- - Sunday, October 9, 2011


U.S. economic theorists top Nobel contenders

STOCKHOLM — Researchers who study economic growth and how technology helps drive long-term development are among the top contenders for the Nobel prize for economics to be awarded Monday, Swedish experts say.

A day before the announcement of the prestigious $1.5 million award, Americans Robert Barro and Paul Romer stood out as favorites for the prize for their research on growth.

The Nobel Committee maintains it doesn’t pay attention to current events when picking a winner, but an award to growth theory would be closely watched as the world debates how to revive the economy in the face of large public spending cuts.


Egypt puts end to military trials for civilians

CAIRO — Egypt’s military ruler has ordered a halt to trials of civilians before military courts known for swift and harsh verdicts.

Sunday’s decision by Field Marshal Hussein Tantawi doesn’t completely spare civilians military justice.

His decree stipulates that those who violate military laws, like assaulting servicemen or damaging military installations, would still be referred to military tribunals.

Rights groups say at least 11,000 civilians have been tried before military tribunals since the February ouster of Hosni Mubarak.

Field Marshal Tantawi chairs a military council that took control of the country from Mr. Mubarak with pledges to return Egypt to civilian rule after a transition period.

The rights groups also claim the military tortures detainees.


At least 11 wounded in two explosions

MANILA — Suspected homemade bombs exploded in a budget hotel and at a cockfighting arena in the southern Philippines on Sunday, wounding at least 11 people, officials said.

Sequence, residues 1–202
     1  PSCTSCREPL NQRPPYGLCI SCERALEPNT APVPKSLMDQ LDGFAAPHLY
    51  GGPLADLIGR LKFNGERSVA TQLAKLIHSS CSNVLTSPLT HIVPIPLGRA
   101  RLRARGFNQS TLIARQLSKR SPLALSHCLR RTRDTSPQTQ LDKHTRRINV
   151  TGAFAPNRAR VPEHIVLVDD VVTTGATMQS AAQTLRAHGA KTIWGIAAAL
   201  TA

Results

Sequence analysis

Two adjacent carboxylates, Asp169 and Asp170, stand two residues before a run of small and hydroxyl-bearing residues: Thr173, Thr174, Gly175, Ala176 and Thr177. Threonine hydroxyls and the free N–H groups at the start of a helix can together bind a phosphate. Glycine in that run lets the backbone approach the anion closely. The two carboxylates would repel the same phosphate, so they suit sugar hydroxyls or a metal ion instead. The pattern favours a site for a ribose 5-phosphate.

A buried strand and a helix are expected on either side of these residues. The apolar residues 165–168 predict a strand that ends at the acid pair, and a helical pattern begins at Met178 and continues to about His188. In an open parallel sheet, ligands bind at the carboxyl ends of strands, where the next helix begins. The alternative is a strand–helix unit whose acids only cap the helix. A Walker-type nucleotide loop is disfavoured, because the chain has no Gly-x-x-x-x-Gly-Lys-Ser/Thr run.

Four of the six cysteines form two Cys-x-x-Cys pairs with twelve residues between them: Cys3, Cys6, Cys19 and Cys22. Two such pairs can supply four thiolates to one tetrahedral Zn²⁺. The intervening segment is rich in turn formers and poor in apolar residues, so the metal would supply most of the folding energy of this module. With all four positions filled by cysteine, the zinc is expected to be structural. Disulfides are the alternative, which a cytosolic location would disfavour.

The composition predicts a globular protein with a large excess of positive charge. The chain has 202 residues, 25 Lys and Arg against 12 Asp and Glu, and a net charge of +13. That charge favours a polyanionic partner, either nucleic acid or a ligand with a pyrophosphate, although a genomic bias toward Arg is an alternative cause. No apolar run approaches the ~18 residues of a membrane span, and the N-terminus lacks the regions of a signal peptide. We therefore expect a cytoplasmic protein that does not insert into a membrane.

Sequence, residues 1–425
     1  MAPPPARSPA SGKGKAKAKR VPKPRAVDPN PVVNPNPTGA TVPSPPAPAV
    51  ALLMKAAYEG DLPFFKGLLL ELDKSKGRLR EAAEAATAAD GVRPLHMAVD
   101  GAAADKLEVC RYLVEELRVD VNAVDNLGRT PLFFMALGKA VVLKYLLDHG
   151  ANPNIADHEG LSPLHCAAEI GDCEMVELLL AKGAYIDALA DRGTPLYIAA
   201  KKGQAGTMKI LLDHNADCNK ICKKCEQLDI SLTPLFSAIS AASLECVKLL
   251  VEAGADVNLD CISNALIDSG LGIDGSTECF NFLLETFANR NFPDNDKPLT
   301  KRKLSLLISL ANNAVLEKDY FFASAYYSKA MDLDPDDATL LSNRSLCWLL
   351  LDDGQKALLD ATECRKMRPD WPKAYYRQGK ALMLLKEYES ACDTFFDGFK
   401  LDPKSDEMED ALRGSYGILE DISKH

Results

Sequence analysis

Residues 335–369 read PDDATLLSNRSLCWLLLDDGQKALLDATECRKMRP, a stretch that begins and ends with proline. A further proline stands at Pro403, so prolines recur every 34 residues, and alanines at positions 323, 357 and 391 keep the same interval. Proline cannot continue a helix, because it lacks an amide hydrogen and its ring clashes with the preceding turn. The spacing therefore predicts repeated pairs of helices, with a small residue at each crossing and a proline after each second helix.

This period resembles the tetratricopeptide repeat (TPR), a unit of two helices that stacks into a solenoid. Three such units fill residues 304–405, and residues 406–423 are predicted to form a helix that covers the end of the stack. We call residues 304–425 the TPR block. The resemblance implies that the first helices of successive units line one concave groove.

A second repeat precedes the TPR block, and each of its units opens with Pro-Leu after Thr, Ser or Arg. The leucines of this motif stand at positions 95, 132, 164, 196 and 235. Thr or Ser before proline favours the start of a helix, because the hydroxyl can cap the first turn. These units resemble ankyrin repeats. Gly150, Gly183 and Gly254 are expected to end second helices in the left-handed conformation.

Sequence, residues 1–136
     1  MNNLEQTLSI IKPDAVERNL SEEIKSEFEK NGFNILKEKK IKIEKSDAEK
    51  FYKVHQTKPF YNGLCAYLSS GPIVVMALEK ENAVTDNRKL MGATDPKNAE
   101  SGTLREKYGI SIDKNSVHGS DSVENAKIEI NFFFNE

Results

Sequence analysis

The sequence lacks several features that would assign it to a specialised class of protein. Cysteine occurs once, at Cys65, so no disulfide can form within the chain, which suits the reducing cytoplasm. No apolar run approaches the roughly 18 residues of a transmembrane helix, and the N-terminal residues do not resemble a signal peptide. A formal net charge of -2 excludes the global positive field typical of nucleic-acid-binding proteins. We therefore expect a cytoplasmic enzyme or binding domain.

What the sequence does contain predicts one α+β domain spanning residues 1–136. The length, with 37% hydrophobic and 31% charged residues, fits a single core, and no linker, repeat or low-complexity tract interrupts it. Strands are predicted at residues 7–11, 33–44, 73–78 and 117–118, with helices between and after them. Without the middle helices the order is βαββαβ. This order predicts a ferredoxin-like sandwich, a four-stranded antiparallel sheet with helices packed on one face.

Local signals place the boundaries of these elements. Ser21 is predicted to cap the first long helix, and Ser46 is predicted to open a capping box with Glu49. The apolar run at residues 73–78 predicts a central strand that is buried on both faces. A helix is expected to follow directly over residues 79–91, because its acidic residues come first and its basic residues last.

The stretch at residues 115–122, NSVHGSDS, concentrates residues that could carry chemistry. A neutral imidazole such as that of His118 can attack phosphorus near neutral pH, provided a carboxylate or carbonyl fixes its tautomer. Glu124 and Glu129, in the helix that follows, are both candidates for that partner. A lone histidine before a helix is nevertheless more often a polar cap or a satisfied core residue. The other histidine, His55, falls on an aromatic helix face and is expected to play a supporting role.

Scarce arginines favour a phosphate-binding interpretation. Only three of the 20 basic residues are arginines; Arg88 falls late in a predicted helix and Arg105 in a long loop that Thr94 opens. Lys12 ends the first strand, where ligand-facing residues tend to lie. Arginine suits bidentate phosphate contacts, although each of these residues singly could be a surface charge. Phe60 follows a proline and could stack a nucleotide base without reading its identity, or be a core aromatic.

The nearly simultaneous blasts ripped through a room inside the hotel and at the cockfighting arena at around noon in Zamboanga city, which was celebrating an annual Roman Catholic festival, said Mayor Celso Lobregat.

It was not immediately clear who was responsible for the blasts. The city has been hit by deadly bombings by al Qaeda-linked militants in the past.


Syria warns countries not to recognize opposition

BEIRUT — Syria’s foreign minister warned the international community Sunday not to recognize a new umbrella council formed by the opposition, threatening “tough measures” against any country that does so.

Foreign Minister Walid al-Moallem did not specify what measures Damascus might take. But he went on to say countries that do not protect Syrian missions could find their own embassies treated in the same way.

“We will take tough measures against any country that recognizes this illegitimate council,” Mr. al-Moallem said without elaborating on what type of reaction it might bring.

The Syrian National Council, announced last week in Turkey, is a broad-based group that includes most major opposition factions.

No country or international body has recognized it so far as a legal representative of the Syrian people.

Burhan Ghalioun, the opposition council’s most prominent official, said he expects the organization will be recognized “in the coming few weeks.”

Mr. al-Moallem’s comments came as the council was scheduled to hold two meetings Sunday, one in Cairo and another in Stockholm.

Damascus appears concerned that if the Syrian National Council is recognized by the international community, it could play the same role as the National Transitional Council in Libya that ultimately overthrew longtime dictator Moammar Gadhafi.


Lawmaker’s hunger strike extends dispute

KABUL — It was the eighth day of ousted Afghan parliamentarian Simeen Barakzai’s hunger strike.

Through chapped lips and in a rough voice, she said Sunday she would not drink or eat anything until President Hamid Karzai opened an investigation into vote fraud by the woman who has taken over her seat.

Her protest is the latest turn in a seemingly interminable dispute over who belongs in the Afghan parliament - still going on, more than a year after elections that were marred by fraud.

Fraud monitors discarded 1.3 million ballots from the poll - nearly a quarter of the total - and disqualified 19 winning candidates before results were finalized last fall.

But many of the losers had argued that voters had been disenfranchised and pressured Mr. Karzai to revisit the results.

Mr. Karzai eventually took the case to the courts, which ruled that 62 sitting parliamentarians should be removed, even though the court had no legal standing to change the results.

The accusations, investigations and law-bending have delayed work and threatened to undermine the legislature’s legitimacy.

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